The disruptive potential of blockchain and distributed ledger technology (DLT) has been likened to that of the internet in its early stages of development. A growing number of leaders across industries think these new technologies have the potential to change fundamentally the way our economy operates. This is true not only for the financial markets, where applications based on blockchain and distributed ledgers are already coming online. Applications for energy, where utilities can track the status of energy grids using distributed databases, are being tested. Applications for storage of medical records and secure exchange of patient information are in development. Companies are working on applications for tracking items and verification of payments in international supply chain transactions.
Blockchain and DLT, in their most basic form, work as an engine for processing exchanges of information and then securely storing that information once the exchanges are complete. There are two key concepts that define what any blockchain does. First, in any blockchain, a group of “transactions” – whether that transaction is a sale of bitcoin, the creation of a new medical record, or the movement of an item in a supply chain from one stage to the next – are bundled into a digital “block.” This means that the basic facts of each transaction are written into encrypted computer code, and the encrypted code for several transactions are grouped together. Once this group or “block” is created, it is “wrapped” in more encrypted code. The wrapper code connects the block to the previous block in the chain, and this connector is based on the contents of the previous block. So each block is connected to the previous block, and so on. This interconnection among all blocks in the chain makes it difficult to go back and change a transaction after it’s already happened. To alter a previous transaction, you would have to change not only the block containing that transaction, but also every subsequent block.
Second, blockchains are maintained on “distributed ledgers.” After a block is created, it is broadcast to a large number of computers, referred to as “nodes,” which each maintain a copy of the blockchain. Each node is designed to be constantly checking in with the other nodes to make sure that its copy of the blockchain mirrors the other copies. This makes it even more difficult to go back and change a transaction, as the change would have to be made on all the systems throughout the network – or at least on a majority of them, since the network operates on a “majority rule” basis if there are disagreements among the nodes. It also gives the network resiliency – if one node stops working for whatever reason, that node will be shut off from the rest of the network.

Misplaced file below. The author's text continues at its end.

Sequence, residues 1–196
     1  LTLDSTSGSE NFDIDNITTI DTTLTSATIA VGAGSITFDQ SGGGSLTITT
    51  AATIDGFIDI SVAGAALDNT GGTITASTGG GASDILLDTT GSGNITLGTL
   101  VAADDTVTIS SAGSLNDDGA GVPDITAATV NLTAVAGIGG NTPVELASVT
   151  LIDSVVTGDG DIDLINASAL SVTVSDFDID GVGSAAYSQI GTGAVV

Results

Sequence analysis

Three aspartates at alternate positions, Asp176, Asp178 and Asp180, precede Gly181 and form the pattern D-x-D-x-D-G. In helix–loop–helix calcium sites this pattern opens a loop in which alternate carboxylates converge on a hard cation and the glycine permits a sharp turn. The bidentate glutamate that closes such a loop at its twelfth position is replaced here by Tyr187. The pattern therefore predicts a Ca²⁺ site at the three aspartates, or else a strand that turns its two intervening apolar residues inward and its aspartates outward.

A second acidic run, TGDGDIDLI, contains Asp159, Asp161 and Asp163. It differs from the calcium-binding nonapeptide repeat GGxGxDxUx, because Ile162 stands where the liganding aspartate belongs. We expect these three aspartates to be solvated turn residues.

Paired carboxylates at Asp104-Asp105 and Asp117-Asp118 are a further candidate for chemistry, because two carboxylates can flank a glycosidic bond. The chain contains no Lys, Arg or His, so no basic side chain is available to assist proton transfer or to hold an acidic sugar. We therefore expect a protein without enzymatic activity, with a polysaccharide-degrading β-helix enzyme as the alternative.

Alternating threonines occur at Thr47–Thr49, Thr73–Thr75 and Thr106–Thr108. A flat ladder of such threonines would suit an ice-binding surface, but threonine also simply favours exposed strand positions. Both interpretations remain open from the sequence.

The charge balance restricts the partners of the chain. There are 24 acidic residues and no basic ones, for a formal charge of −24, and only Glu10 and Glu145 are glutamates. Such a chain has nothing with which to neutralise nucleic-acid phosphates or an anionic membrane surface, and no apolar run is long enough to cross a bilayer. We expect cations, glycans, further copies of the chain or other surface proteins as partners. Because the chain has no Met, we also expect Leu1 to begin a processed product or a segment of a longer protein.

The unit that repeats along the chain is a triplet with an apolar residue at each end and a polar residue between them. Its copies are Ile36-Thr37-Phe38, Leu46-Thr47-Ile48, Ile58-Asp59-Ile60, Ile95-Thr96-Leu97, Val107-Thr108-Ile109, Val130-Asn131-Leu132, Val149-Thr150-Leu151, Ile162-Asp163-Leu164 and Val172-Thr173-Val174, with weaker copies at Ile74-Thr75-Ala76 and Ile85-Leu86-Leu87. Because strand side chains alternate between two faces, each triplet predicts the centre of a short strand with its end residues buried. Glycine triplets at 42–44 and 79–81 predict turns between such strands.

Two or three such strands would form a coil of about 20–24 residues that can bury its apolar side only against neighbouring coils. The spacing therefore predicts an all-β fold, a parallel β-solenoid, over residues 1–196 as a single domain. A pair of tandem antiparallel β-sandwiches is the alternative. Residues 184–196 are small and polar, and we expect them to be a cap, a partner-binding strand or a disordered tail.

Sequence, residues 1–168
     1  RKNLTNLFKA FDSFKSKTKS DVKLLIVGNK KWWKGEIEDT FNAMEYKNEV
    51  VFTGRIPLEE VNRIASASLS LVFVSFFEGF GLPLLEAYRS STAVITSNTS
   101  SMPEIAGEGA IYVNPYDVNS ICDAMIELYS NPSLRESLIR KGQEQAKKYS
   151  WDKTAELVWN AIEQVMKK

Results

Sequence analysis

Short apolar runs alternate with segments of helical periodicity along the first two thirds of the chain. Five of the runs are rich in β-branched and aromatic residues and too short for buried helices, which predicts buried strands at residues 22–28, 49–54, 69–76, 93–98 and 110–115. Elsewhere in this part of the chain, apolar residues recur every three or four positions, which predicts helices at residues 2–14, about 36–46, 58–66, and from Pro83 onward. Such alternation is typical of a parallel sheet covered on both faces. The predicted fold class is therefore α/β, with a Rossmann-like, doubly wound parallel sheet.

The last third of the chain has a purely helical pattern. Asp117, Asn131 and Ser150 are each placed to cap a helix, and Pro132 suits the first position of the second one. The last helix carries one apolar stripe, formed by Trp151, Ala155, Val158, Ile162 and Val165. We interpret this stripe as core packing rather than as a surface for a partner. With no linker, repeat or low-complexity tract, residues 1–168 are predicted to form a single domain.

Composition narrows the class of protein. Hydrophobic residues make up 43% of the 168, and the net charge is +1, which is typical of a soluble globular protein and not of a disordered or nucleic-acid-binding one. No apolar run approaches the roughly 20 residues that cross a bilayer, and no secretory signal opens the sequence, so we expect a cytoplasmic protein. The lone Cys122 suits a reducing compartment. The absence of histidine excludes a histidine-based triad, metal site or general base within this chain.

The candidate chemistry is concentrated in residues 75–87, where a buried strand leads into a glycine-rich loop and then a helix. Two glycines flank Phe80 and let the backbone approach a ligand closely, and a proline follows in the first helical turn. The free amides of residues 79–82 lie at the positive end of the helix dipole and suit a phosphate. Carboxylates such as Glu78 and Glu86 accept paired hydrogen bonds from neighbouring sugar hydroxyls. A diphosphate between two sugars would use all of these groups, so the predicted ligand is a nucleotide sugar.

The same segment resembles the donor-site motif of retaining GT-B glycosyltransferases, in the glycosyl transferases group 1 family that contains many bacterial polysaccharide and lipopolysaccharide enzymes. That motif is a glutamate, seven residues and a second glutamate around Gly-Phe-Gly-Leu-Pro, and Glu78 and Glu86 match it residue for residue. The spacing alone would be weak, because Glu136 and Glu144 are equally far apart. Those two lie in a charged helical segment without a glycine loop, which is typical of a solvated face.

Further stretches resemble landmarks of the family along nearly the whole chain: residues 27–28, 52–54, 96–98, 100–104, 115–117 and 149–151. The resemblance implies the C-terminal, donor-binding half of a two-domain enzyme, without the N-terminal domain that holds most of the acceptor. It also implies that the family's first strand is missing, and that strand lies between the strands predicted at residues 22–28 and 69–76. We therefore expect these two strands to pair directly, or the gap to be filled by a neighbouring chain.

Like the internet, there is precious little regulation of blockchain and DLT itself. Any provider of a commercial solution using DLT, however, will need to consider the regulatory landscape in which that solution will be used.
- What data privacy regulations govern information stored using the solution?
- If the solution involves a virtual currency, would the provider be subject to anti-money laundering or other money transfer regulations?
- Do antitrust and competition restrictions bar sharing information among industry participants on the blockchain?
- If DLT-related assets will be tokenized, are the tokens in question considered “securities” and thus subject to regulations on their sale?
- If tokenized assets can fluctuate in value, will holders be required to report transactions for tax purposes?
- How should errors on the blockchain be treated?
- If the solution uses smart contracts, what enforcement mechanisms are needed?
- Where might access to dispute resolution systems be necessary?
Solution providers should have and implement a regulatory and legal strategy. They should explore whether current regulations inhibit or facilitate their proposed application – and whether there are opportunities to interact with regulators and to seek their guidance on bringing applications to market.
Some regulators will be approachable and receptive, others less so. The UK’s Financial Conduct Authority has expressed keen interest in the use of DLT in financial applications, with the FCA’s “sandbox” giving fintech provides compliance advice as well as a “safe space” in which businesses can test innovative solutions in a live environment without immediately being fully subject to all applicable regulations. Other regulators have taken a “wait-and-see” approach, with some requesting white papers from industry, others simply waiting to be approached, and still others in defensive crouch. In any case, dialogue with regulators can prove beneficial in addressing potential applications upfront rather than awaiting unwelcome enforcement surprises.
These are exciting times for blockchain. With exciting times comes legal peril, and opportunity. Savvy participants will be peering around the corner for legal trends — and will be forceful and creative movers in creating those trends.
About the Authors
Scott L. Winkelman and Jenny E. Cieplak are members of Crowell & Moring’s Blockchain / Distributed Ledger Technology (DLT) practice where they advise clients on how this breakthrough technology can be applied to their industry in a compliant manner.